If you need it, you need it, but paying more than $5/month seems a bit much unless you get other extras with it -- more Web server space, a second e-mail account, faster speeds or whatnot.


Falls Church, Va.: Your ISP directory listed a lot of small ISPs that I'd never heard of. What're the pros/cons of going with one of the smaller firms?

Rob Pegoraro: It depends

(You knew I was going to say that, right?)

Many smaller ISPs have chosen to stay that way. They're almost boutique providers; they prefer to offer more specialized services that the mass market may not care about, but which some users are willing to pay extra for.

Others, however, are trying to beat the majors on price, which can be a trickier game. When I see a company offering the same bundle of services as one of the big names at a quarter of the price, I start wondering how they're managing to stay in business.

Either way, a little investigation -- talking to other customers, finding out about the history of the company -- is worth doing.


Bethesda, Md.: I read that ISPs are going to charge on a bandwidth-used basis instead of a flat fee. Any ISPs actually doing that around here?

Rob Pegoraro: Only some of the satellite providers do, and even then it's in the form of a download quota; pull down more than you're allowed for in a month (usually, it's a fairly large number) and you may have to pay extra.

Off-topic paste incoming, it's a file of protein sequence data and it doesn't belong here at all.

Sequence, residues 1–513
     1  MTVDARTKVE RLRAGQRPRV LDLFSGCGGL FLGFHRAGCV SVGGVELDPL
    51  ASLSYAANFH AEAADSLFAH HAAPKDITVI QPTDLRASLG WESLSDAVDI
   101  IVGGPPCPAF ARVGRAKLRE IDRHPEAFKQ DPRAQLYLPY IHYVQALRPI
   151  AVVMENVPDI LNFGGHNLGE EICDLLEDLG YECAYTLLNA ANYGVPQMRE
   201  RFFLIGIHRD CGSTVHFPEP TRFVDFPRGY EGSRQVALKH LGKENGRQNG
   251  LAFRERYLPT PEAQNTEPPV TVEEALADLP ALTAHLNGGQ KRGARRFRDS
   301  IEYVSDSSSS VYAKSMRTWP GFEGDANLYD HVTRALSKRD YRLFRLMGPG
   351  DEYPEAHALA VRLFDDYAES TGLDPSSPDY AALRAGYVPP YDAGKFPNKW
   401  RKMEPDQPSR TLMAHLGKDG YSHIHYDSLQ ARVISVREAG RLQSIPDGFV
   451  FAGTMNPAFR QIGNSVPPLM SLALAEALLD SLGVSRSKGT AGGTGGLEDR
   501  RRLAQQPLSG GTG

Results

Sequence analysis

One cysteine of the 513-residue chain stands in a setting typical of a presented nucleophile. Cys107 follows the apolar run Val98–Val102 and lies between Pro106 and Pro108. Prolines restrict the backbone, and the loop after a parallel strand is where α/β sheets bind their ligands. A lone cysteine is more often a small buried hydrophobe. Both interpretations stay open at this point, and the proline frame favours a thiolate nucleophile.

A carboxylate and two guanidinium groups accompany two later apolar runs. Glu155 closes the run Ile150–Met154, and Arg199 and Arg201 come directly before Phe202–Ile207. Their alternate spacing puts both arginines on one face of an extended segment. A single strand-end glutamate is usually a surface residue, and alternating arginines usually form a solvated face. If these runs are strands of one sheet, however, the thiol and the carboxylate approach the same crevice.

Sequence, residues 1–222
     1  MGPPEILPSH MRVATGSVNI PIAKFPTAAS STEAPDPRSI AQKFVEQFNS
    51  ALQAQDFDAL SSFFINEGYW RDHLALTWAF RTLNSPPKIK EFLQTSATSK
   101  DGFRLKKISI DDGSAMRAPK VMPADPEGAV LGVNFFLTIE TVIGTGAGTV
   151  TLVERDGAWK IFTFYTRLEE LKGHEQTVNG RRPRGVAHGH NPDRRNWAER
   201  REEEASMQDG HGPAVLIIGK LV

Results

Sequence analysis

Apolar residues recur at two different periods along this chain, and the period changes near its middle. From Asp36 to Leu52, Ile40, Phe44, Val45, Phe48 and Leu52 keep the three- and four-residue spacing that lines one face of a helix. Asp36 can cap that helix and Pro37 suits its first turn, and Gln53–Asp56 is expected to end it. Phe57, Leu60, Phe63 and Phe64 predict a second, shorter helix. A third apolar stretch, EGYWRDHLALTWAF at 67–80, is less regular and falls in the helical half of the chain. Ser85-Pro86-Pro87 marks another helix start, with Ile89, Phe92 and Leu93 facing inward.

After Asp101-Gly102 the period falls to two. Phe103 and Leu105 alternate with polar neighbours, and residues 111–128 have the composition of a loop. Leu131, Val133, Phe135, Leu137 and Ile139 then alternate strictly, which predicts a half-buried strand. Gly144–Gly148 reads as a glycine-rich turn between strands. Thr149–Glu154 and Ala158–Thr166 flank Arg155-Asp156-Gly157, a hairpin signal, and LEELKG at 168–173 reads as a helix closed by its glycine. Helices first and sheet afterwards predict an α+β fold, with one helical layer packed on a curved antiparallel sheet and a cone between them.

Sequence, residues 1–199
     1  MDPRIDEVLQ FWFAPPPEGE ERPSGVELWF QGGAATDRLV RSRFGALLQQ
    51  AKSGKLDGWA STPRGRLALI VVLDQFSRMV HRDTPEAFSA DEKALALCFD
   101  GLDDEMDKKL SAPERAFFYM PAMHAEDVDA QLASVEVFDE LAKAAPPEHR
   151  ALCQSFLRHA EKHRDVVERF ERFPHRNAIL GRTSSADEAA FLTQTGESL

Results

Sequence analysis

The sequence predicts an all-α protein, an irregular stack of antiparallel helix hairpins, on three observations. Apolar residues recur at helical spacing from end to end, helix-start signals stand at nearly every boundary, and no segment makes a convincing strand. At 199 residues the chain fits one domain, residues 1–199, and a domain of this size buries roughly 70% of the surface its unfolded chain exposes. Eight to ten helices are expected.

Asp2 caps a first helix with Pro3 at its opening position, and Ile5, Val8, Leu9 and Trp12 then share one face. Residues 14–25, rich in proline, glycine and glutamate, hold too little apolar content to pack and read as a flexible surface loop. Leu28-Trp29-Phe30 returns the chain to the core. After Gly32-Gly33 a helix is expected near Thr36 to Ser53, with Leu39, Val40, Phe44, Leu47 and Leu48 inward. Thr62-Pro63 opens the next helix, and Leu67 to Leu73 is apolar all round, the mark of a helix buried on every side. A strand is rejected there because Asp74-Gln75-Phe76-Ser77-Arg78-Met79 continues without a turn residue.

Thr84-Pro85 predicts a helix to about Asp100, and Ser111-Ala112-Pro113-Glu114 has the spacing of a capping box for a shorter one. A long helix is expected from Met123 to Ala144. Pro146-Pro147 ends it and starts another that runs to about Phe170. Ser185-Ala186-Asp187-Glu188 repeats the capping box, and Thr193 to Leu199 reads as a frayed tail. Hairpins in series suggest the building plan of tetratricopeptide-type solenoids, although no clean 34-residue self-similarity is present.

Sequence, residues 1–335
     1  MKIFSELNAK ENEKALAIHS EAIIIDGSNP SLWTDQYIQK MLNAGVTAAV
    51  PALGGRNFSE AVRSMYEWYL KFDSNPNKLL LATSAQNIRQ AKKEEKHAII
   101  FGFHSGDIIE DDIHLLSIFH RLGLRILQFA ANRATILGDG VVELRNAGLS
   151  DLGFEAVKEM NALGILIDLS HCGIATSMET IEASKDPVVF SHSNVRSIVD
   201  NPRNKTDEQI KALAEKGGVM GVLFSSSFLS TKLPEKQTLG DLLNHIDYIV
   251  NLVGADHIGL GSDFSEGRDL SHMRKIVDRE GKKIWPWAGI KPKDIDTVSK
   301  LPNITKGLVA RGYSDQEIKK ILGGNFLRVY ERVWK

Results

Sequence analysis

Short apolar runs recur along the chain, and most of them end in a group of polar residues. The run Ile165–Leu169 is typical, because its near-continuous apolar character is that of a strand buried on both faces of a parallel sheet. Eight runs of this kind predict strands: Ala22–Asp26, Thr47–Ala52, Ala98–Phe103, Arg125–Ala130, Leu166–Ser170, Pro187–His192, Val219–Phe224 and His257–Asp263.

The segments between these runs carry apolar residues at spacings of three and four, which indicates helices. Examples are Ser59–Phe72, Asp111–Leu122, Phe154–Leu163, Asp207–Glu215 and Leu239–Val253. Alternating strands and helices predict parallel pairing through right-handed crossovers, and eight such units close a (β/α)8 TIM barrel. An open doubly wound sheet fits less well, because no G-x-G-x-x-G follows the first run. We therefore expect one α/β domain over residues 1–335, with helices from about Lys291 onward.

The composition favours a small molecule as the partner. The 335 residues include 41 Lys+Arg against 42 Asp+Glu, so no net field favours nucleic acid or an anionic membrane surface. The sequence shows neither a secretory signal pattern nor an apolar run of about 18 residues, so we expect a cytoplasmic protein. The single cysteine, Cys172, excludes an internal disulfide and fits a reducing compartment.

I *highly* doubt any ISPs are going to switch to full metered pricing anytime soon. The market has spoken clearly and loudly that it doesn't want to have to think about the incidental cost of spending another hour online or downloading another file.


Sterling, Va.: A suggestion ... please put an asterisk next to the Adelphia entry, classifying them as a "cable" provider. In my area of Loudoun County (Cascades) we still have 1-way cable modem access (with a 28.8K phone upload), with no definite plans for an upgrade. We have been promised a change for the last 3 years. Every time the company's response is "6 more months." I wonder if anyone from the local Adelphia office is watching (I doubt it) and would like to respond?